In the Garrett Park Estates section of Kensington, Walter Johnson High School students board an early morning school bus. Montgomery County is considering starting the high school day later. (Photo by Susan Biddle) (Susan Biddle/FOR THE WASHINGTON POST)

Montgomery County’s schools chief recommended Tuesday that the school board consider only no-cost approaches for moving high school bell times later in the morning, backing a proposal that would give teenagers 20 more minutes of sleep every morning.

Superintendent Joshua P. Starr said the most reasonable option would push back school openings by 20 minutes for students in all grades, which would mean the district’s 25 high schools would start classes at 7:45 a.m. instead of at 7:25 a.m.

“It gets us part of the way there,” Starr said. “It’s a partial measure, but it does do something to address the issue.”

A 20-minute change was among five options detailed in a report the school system released Tuesday, all of them said to cost less than $10 million a year in keeping with the school board’s request in June. School leaders are now seeking public comment.

The new proposals mark the latest phase of an effort dating to 2012, when Montgomery parents launched an online petition calling for later start times, saying more sleep would benefit teens’ health and well-being.

Supporters of later start times at high schools point to a growing body of research that shows teens are biologically wired for later bedtimes and later wake-ups. Experts say that lack of enough sleep is linked to lower academic performance, absenteeism, and an increased risk of depression and car crashes. Teenagers need between 8  1 /2 and 9  1 /2 hours of sleep a night.

Mandi Mader, a Garrett Park parent who launched the petition, called Starr’s embrace of a 20-minute change “totally inadequate.” Mader said her group would continue its effort. “At least one more hour is needed for better mental and physical health and safety,” she said. “The discussion needs to continue, and there needs to be a sense of urgency about it.”

School officials say transportation is a major factor in the cost of the proposals. The district’s staggered school start times allow buses to transport one wave of students and then another. Buses used to transport high school students, for example, are then used again for middle schoolers and later for those in elementary school.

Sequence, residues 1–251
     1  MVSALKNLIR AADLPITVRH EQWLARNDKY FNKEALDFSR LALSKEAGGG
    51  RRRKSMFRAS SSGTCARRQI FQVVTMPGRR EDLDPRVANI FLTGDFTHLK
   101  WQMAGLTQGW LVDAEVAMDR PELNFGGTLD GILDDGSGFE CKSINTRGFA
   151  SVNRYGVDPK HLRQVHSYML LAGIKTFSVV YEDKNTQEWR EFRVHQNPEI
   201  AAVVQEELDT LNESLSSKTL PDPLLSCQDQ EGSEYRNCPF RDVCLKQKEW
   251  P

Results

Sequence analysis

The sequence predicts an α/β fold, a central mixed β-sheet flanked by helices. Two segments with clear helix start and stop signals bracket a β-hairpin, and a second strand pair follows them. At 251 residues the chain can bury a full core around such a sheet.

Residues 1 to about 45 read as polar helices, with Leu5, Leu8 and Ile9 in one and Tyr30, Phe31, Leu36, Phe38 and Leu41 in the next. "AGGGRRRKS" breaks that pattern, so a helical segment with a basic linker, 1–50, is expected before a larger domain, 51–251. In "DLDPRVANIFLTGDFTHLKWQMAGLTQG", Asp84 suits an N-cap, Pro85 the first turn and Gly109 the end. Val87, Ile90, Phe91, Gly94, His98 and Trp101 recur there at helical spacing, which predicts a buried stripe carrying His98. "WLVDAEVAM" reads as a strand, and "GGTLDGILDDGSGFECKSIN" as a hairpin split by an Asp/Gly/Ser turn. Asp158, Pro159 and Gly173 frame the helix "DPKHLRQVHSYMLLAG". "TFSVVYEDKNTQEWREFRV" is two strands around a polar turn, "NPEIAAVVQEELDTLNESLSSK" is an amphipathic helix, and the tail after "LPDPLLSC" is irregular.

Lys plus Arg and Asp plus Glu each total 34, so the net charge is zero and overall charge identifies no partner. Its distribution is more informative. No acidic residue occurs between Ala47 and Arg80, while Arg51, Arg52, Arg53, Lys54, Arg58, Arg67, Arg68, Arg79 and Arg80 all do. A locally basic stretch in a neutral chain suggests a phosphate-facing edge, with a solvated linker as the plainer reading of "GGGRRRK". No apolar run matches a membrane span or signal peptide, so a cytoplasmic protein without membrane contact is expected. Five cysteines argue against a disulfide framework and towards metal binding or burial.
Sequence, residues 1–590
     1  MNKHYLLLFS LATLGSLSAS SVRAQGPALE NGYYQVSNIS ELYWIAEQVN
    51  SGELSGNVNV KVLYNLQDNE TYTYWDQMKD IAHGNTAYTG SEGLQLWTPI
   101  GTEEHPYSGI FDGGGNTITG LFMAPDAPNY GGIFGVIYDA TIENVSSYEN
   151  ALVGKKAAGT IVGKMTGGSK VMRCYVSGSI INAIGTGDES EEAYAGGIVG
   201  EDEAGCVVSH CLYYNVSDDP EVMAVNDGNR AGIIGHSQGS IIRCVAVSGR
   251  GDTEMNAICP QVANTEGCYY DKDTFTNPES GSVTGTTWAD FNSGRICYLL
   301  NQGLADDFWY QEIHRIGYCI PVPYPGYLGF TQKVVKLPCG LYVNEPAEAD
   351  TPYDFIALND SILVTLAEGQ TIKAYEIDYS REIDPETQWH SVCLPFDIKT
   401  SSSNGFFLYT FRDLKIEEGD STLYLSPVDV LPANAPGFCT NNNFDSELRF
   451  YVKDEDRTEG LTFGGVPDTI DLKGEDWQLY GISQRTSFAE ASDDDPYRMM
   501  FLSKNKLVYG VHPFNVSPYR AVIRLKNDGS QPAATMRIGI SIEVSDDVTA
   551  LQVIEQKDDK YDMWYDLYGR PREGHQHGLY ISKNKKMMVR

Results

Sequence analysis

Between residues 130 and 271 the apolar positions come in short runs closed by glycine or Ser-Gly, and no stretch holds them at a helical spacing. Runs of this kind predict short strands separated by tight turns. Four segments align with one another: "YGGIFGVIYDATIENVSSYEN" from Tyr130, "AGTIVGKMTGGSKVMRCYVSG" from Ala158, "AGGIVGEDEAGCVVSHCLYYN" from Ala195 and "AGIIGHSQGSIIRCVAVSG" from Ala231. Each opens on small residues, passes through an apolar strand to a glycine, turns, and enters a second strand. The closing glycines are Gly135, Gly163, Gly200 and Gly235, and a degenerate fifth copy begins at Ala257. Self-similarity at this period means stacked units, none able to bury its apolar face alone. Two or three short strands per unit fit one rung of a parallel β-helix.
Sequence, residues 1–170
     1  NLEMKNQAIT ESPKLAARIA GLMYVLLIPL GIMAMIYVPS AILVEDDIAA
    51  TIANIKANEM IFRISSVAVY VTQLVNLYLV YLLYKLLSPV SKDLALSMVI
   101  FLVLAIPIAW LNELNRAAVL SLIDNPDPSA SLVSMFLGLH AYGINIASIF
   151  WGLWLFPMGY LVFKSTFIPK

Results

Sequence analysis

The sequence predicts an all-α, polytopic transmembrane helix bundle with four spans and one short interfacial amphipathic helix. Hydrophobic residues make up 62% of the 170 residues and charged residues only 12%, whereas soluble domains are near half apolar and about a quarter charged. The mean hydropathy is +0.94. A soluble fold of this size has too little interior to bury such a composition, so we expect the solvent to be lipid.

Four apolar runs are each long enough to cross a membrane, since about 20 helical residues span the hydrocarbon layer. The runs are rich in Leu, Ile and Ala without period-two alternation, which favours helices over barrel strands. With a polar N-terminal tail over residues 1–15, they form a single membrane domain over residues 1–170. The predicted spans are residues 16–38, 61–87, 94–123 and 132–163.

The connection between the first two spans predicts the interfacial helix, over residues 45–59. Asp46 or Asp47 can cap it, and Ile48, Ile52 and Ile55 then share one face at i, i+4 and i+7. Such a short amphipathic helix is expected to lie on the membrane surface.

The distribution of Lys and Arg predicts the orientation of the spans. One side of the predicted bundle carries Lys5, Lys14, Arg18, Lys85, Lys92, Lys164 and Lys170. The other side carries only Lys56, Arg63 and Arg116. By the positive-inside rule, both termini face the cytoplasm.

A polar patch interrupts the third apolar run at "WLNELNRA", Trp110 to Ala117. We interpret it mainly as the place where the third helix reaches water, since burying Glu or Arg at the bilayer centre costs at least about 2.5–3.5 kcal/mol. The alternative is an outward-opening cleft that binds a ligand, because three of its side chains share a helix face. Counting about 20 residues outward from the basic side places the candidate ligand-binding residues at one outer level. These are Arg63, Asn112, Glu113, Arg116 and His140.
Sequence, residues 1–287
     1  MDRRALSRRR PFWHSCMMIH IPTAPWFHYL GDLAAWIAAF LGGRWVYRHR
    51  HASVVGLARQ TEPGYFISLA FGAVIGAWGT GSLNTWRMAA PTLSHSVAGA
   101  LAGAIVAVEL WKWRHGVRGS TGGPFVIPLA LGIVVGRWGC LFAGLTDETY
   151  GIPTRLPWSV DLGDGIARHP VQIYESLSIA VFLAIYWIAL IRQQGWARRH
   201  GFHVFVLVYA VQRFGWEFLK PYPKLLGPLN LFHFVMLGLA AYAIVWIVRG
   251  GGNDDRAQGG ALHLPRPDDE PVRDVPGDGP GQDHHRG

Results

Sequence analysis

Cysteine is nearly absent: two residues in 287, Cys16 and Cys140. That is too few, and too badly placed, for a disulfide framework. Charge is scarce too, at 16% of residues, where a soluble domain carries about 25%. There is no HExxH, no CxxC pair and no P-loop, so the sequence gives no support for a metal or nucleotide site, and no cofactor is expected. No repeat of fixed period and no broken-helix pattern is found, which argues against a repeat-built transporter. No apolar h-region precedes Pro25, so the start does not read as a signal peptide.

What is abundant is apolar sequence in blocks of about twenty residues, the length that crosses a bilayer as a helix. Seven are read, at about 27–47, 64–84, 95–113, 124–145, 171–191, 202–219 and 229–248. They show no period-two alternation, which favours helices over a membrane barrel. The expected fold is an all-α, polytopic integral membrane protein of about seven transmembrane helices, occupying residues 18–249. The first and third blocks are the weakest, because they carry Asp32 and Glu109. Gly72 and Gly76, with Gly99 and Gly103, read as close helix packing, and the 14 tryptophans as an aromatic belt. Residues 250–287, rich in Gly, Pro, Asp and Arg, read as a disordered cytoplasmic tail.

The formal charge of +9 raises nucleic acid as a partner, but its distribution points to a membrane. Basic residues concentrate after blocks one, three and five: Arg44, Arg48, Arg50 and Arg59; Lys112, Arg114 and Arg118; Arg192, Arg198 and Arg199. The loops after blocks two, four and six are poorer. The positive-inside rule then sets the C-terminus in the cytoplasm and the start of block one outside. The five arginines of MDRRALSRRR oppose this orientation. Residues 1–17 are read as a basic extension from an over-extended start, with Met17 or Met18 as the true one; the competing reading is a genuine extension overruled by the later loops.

The suggested approaches come at a time of economic uncertainty, as state and county officials have projected significant revenue shortfalls. Starr said that although he wishes the district had funds to do more, “I don’t have that luxury, and most people, I think, understand that.”

Board of Education President Patricia O’Neill said she had not yet made a decision on the issue but that economic strains could be limiting. “To me, I would’ve liked to have come up with something that gave a bit more relief,” she said, noting that a modest adjustment is a step in the right direction. “It’s like resetting the snooze button on your alarm clock.”

The proposal Starr supports includes an alternative scenario that would shift schedules at all schools by 35 minutes and have a minimal fiscal impact.

In fall 2013, Starr proposed shifting the opening bell at county high schools to 8:15 a.m., part of a plan that also extended the length of the elementary school day. After public input and more study, he withdrew his support, saying in June that the plan’s cost — more than $20 million — was too high and that community feedback was mixed.

Montgomery’s school board asked Starr to come back with lower-cost options.

The ideas that emerged Tuesday included a proposal to send the youngest students to school first every morning, with elementary schools starting before middle and high schools. That proposal comes with four possible models, costing from $2.6 million a year to $5.2 million a year, with elementary start times as early as 7:35 a.m. or 7:45 a.m.

A third option would rework Starr’s original recommendation, which proposed having middle school students arrive at schools first. It would cost between $5.2 million and $5.85 million.

A fourth option would split the high school day so that some students start at 7:25 a.m. and others at 9:05 a.m. The cost of the high school split was unspecified, and transportation would not be provided to students opting to start later.

A final proposal would leave school hours unchanged but examine the possibility of offering other steps that might help students get more sleep, including having abbreviated schedules and taking online courses.

The proposals released Tuesday are scheduled to be detailed next Tuesday at a school board meeting, with public hearings set for Jan. 22. A board vote is expected next month.